Let Thy Loveliness Fade As It Will

Believe Me, If All Those Endearing Young Charms

by Thomas Moore (1478 – 1535)

Believe me, if all those endearing young charms,
Which I gaze on so fondly to-day,
Were to change by to-morrow, and fleet in my arms,
Live fairy-gifts fading away,
Thou wouldst still be adored, as this moment thou art,
Let thy loveliness fade as it will,
And around the dear ruin each wish of my heart
Would entwine itself verdantly still.

It is not while beauty and youth are thine own,
And thy cheeks unprofaned by a tear,
That the fervor and faith of a soul may be known,
To which time will but make thee more dear!
No, the heart that has truly loved never forgets,
But as truly loves on to the close,
As the sunflower turns on her god when he sets
The same look which she turned when he rose!

Thomas Moore and his wife were preceded in death by all five of their children.  His poetry and faith were tested to his core and imbue his poetry with that emotion.  While away in Bermuda attending to business for four years, his wife contracted small pox and though she survived, her face was disfigured.  When Moore returned his wife was reluctant to let him see her, concerned how he would react to her appearance and wanting him to remember her as she was before.  Moore sat down and penned the poem above to let her know that his love for her was unchanged. 

This is a poem that has been set to music for so long it is hard to separate  one from the other, the tune from the verse.  To all lovers, young and old alike, may your love last through the vagaries of life and may you see the beauty in each other, now and forever.   


Love Thee?

by Thomas Moore

Love thee?–so well, so tenderly
Thou’rt loved, adored by me,
Fame, fortune, wealth, and liberty,
Were worthless without thee.
Tho’ brimmed with blessings, pure and rare,
Life’s cup before me lay,
Unless thy love were mingled there,
I’d spurn the draft away.
Love thee?–so well, so tenderly,
Thou’rt loved, adored by me,
Fame, fortune, wealth, and liberty,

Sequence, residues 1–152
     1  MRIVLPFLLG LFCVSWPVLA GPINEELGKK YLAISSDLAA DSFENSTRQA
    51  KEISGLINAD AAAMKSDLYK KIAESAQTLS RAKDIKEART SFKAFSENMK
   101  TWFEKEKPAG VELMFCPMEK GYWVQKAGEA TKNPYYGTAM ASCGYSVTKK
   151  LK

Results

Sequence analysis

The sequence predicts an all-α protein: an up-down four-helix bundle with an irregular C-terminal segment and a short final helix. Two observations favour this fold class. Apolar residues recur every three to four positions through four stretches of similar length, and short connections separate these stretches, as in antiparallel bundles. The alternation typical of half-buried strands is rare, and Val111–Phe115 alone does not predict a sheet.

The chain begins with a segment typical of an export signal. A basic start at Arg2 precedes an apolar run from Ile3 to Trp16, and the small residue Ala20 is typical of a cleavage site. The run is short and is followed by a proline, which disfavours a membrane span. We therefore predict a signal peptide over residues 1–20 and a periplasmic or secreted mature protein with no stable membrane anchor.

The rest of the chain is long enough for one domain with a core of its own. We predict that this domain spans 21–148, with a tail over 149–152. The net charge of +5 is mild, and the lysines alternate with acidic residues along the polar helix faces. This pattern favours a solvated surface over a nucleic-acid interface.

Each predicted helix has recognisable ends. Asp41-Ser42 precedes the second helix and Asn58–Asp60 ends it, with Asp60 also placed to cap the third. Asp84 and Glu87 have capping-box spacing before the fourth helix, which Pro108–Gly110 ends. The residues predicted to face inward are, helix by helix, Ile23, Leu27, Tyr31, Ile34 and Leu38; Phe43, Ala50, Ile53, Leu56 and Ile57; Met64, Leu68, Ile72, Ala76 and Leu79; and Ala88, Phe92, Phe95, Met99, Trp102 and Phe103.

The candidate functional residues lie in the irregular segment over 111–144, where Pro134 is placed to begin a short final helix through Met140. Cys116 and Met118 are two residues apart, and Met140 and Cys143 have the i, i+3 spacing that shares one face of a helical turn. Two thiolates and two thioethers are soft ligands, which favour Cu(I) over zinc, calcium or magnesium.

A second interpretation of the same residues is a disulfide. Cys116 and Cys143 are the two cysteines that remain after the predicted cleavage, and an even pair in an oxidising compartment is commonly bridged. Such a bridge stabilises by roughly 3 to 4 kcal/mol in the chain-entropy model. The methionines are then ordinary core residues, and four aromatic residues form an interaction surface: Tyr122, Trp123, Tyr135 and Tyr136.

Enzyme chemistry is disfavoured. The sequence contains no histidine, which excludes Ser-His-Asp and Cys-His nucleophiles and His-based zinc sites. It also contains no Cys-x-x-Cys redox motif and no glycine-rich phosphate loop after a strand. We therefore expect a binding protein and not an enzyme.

Are worthless without thee.

Without thy smile, the monarch’s lot
To me were dark and lone,
While, with it, even the humblest cot
Were brighter than his throne.
Those worlds for which the conqueror sighs
For me would have no charms;
My only world thy gentle eyes–
My throne thy circling arms!
Oh, yes, so well, so tenderly
Thou’rt loved, adored by me,
Whole realms of light and liberty
Were worthless without thee

Whatever We Are, Or Were

Paul Muldoon (1951 – )

Horse Latitudes (Excerpt)

by Paul Muldoon
 
Burma
 
Her grandfather’s job was to cut
the vocal cords of each pack mule
with a single, swift excision,
a helper standing by to wrench
the mule’s head fiercely to one side and drench
it with hooch he’d kept since Prohibition.
“Why,” Carlotta wondered, “that fearsome tool?
Was it for fear the mules might bray
and give their position away?”
At which I see him thumb the shade
as if he were once more testing a blade
and hear the two-fold snapping shut
of his four-fold, brass-edged carpenter’s rule:
“And give away their position.”
 


Holy Thursday

by Paul Muldoon (1951 – )

They’re kindly here, to let us linger so late,
Long after the shutters are up.
A waiter glides from the kitchen with a plate
Of stew, or some thick soup,

And settles himself at the next table but one.
We know, you and I, that it’s over,
That something or other has come between
Us, whatever we are, or were.

The waiter swabs his plate with bread
And drains what’s left of his wine,
Then rearranges, one by one,
The knife, the fork, the spoon, the napkin,
The table itself, the chair he’s simply borrowed,
And smiles, and bows to his own absence.

We Were All Unconcerned

Thomas Kinsella (b. 1928 –

Free Fall

by Thomas Kinsella

I was falling helpless in a shower of waste,
reaching my arms out toward the others
falling in disorder everywhere around me.

At the last instant,
approaching the surface,
the fall slowed suddenly,

and we were all
unconcerned,
regarding one another in approval.


The Force of Eloquence

by Thomas Kinsella

The brink of living is inhabited.

Unbrooding as an ox, he thrusts a bald
Muscular head out smiling.  Though his tongue
Chains are fastened, radii of gold.
Gently hauled by these, his swayed captives
Yield their wrists in  lithe angles of peace
– A charmed plight, halted in faint relief
Against a line of hills full of quaint promise.

A token of bronze, long out currency, 
Vivifies an impossible worn world,
Of speech constricted into other terms:
An equilibrium of gift and threat
Moulded in external breathless appearance.

Enter, and inhale the living bronze.